A group of protesters, led by the Central Councillor of Deshbandhu College, staged a strike from the 19th of May 2018 within the college premises. The strike, which took place intermittently from the 19th, witnessed the Central Councillor of the college Students’ Union Saurabh Kumar holding a hunger strike for 2 days, only ending it at 1 pm on the 22nd.

The protesters put forth a chain of demands which included construction of a new computer science lab in the college, the appointment of a nurse, the release of funds for the cultural societies, and equipping the college chemistry lab with student safety gears including eyeglasses and gloves.

Explaining the reasons underlying his demands, Kumar told DU Beat, “Last October, in the college Chemistry Lab, a student had to be rushed to the hospital after a chemical reaction had gone wrong. Acid fumes had gone into the student’s eyes due to the lack of glasses in the lab.” Speaking on the demand for the release of funds for the societies, he commented, “It is common knowledge that the college has adequate resources to provide the required funds to our societies. But there has been withheld despite repeated requests from our side.”

Kumar, who was taken to the hospital after the strike had elaborated on their demand for a nurse by saying, “We have a medical room and yet we neither have a doctor nor a nurse. Toh Kya Faida Medical Room Ka? (What is the use of a medical room then?)”.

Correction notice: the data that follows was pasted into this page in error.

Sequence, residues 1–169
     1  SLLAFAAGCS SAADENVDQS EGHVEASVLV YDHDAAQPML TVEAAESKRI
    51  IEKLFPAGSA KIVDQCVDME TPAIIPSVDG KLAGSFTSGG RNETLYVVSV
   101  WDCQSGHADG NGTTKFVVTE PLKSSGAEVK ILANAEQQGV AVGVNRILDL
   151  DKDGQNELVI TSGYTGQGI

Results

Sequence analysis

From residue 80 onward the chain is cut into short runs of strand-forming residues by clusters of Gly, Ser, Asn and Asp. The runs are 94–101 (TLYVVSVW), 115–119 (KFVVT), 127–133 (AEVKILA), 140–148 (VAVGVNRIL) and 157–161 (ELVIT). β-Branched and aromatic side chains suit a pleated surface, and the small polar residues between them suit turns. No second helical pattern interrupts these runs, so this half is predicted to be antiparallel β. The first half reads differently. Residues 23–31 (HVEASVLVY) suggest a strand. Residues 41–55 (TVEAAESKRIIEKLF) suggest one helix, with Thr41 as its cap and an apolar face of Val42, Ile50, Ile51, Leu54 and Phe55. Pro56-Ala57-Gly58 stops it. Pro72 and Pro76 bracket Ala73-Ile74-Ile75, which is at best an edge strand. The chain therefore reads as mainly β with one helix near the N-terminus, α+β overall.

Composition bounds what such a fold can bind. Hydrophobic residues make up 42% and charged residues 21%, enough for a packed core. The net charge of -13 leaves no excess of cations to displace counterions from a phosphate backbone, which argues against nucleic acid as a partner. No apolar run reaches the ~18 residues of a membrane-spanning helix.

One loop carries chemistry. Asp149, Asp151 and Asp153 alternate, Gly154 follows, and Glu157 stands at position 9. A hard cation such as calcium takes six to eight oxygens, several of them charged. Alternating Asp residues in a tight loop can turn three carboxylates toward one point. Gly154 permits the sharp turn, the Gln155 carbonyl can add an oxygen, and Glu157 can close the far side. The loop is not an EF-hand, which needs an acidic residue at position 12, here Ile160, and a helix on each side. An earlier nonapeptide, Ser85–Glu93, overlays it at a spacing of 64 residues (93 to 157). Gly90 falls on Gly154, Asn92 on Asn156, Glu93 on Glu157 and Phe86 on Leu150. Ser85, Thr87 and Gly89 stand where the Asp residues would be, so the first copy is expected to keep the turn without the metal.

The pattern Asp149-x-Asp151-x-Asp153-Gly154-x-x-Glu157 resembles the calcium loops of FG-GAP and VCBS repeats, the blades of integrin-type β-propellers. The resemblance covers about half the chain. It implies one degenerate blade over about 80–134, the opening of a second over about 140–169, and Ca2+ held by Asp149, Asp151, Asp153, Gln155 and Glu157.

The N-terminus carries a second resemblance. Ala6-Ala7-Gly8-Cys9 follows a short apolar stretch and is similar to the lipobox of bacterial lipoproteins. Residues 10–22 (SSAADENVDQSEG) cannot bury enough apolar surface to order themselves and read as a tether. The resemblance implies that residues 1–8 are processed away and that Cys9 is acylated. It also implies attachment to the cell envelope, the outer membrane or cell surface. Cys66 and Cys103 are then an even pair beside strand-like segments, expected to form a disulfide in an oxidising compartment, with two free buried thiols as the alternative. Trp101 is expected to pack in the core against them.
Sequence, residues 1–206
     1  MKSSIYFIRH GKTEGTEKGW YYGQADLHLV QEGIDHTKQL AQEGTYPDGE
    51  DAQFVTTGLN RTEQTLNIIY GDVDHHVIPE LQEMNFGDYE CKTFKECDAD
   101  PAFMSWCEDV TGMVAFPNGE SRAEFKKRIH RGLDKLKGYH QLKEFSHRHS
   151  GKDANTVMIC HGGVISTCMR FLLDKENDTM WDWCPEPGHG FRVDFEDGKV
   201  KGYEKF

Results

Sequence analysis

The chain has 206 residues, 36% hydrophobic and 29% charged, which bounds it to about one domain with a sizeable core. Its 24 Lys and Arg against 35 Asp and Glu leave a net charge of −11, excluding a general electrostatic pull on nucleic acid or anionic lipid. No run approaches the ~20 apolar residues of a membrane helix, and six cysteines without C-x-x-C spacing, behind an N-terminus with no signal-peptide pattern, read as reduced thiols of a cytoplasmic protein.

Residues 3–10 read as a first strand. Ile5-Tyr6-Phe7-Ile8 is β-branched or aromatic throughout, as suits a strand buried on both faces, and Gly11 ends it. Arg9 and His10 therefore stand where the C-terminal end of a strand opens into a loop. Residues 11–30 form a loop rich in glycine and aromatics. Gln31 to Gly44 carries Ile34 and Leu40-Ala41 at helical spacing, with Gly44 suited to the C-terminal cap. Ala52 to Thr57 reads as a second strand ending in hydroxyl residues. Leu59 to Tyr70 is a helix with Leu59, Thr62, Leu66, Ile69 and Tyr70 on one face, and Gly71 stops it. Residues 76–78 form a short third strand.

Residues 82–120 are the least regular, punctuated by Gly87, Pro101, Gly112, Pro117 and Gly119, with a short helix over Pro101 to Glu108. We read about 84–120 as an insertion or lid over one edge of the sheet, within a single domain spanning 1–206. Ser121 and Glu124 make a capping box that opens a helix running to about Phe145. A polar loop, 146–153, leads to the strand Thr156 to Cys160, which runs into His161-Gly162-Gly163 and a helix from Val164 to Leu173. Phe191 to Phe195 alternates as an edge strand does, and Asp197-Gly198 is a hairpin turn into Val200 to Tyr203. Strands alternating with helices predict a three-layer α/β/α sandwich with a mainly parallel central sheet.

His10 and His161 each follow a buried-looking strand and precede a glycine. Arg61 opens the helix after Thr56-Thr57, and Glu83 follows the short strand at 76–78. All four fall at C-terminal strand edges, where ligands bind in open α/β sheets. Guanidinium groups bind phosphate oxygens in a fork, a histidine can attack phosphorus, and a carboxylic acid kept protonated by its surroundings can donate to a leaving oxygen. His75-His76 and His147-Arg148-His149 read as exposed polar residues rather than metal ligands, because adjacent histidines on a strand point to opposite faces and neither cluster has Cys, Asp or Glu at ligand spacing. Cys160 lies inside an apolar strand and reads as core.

The President of Deshbandhu College Union Devesh Tiwary told a DU Beat correspondent, “First of all, our college doesn’t have a Principal at the moment. In the absence of an overarching authority, the financial transactions find difficulties in implementation. The interviews for the Principal’s post have been carried out. We are awaiting the results now.” He further assured, “Once the exams are over, we will conduct a meeting with the newly appointed Principal, and subsequently take stock of the demands.”

Tiwary alleged that the protesters had not given prior intimation of either their demands or the protest. Pehle Apni Maange Toh Rakho Humare Aage (at least apprise us about your demands first)”. He expressed concern and said, “I received calls from the police. But this wasn’t a matter to actuate a hunger strike upon.”